Think of a question or technology of interest to neuroscience and there is an application with military or counterintelligence potential. Brain-machine interfacing can make drones (unmanned vehicles) more efficient; anti-sleep medication could prevent combat errors by men and women at war; calmative aerosols could diffuse a tense hostage situation; and new imaging devices could improve detection of deception, while a boost of certain natural neurohormones could aid in interrogation.

Earlier this year I published an update of my 2006 book Mind Wars: Brain Research and National Defense, in which I had described the implications of neuro-science for military and counterintelligence technologies. The publication of the new version, Mind Wars: Brain Science and the Military in the 21st Century, was more than justified both by the favorable reception the first edition enjoyed (surprisingly, it is still the only book on the topic), and the subsequent burst...

Among neuroscientists there has been a lively discussion about scientists’ responsibility for the ultimate purposes to which their work is put. Of course, this quandary is not limited to neuroscientists, but spans a wide range of disciplines, highlighted by the recent lab-evolved strains of the H5N1 avian flu virus that were transmissible between ferrets. (See “Deliberating Over Danger,” The Scientist, April 2012.) An analogy to the early atomic physicists immediately comes to mind: the theoretical and experimental work of leading physics researchers led to the development of one of the most destructive weapons mankind has ever known. But unlike the bomb itself, which was developed for an explicit purpose under the pressures of national security, discoveries in neuroscience and other life science fields are plagued by a more challenging philosophical problem: how can we hold an individual scientist morally responsible for the ultimate applications of her or his work when such applications are often difficult to predict?

A classic example is Einstein’s 1905 paper on special relativity, which formed the theoretical basis for the subsequent work on the atomic bomb. Should Einstein therefore be held responsible for the devastation at Hiroshima and Nagasaki? Although the distinction between “basic” and “applied” science is fuzzy at the edges, drawing such a line in the sand may be necessary in order to  determine direct ethical responsibility for the application of one’s work. (Note: His later regrets notwithstanding, Einstein himself was prepared to support the bomb project for fear that Germany would get there first.)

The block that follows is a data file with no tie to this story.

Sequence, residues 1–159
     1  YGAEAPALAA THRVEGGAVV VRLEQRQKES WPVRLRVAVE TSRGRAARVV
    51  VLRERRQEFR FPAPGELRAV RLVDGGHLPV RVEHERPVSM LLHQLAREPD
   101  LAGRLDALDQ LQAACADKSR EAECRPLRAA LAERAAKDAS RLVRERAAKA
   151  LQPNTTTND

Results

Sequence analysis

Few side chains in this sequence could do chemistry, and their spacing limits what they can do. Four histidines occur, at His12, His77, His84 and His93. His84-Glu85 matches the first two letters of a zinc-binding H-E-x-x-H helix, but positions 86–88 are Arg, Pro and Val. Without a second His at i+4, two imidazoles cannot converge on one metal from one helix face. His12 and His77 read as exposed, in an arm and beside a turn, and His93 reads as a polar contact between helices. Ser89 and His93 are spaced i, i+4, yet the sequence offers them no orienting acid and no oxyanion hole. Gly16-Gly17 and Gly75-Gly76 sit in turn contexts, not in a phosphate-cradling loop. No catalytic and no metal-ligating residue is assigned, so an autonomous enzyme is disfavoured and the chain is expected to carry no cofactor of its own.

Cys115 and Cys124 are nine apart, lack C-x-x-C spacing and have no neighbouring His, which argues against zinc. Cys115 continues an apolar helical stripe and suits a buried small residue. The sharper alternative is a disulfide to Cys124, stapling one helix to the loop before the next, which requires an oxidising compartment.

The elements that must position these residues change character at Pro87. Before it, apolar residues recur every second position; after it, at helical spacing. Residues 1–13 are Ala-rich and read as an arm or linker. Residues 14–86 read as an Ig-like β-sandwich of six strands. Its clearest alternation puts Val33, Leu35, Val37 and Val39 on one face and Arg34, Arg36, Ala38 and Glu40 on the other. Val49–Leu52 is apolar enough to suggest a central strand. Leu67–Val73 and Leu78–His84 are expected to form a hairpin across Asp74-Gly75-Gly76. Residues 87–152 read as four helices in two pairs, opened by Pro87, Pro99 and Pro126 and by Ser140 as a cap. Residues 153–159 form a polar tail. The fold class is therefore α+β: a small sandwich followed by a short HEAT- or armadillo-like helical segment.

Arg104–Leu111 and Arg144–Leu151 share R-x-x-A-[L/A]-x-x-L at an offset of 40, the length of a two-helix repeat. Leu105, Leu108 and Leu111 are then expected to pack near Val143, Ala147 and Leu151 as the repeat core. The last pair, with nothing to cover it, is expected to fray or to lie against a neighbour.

Some within the neuroscience community have urged that their colleagues simply pledge not to work on projects that could be of interest to the national security establishment. But one practical problem with this proposal is that researchers don’t always know the precise source, let alone the ultimate purpose, of the funds associated with a request for proposals. In the 1950s, for example, the CIA created a front organization called the Society for the Study of Human Ecology that funded research on hallucinogens and other “brainwashing” experiments. Researchers funded by this Society never knew the CIA was behind it.

And then there is the obvious fact that not all neuroscientists will agree that doing work for a national security agency poses ethical problems. Some may consider it an act of patriotism—for example, some scientists may view their work with such agencies as central to the fight against theocratic regimes—or simply of professional self-interest. Finally, if neuroscientists worried about the unpredictable uses their work might be put to, what it might mean in practice is refusing to accept funding from certain government agencies altogether.

All this might seem like a lot of rationalization were it not for the fact that I am a philosopher and historian, not a neuroscientist, so in that sense I have no dog in this hunt. However, there is one related effort that I can see no reasonable objection to neuroscientists’ vigorous involvement in: the formulation of international conventions to establish limits on the use of neuroscience-based innovations in international conflict. Some drugs are already covered by the treaties against chemical and biological weapons, and international human rights law generically prohibits many practices that exploit knowledge of the brain and central nervous system.  But, for example, the convergence of neuroscience with cyber- and drone technology raises new questions that have not been previously contemplated.

Neuroscience is moving along swiftly, and experimental applications are proceeding at a dizzying pace. But it can take decades for sovereign states to reach binding multilateral agreements. Given the consequences of having been slow to implement rules governing the use of atomic weapons, future generations might well wonder: What are we waiting for now?

Jonathan D. Moreno is the David and Lyn Silfen University Professor at the University of Pennsylvania and author of Mind Wars: Brain Research and the Military in the 21st Century. 

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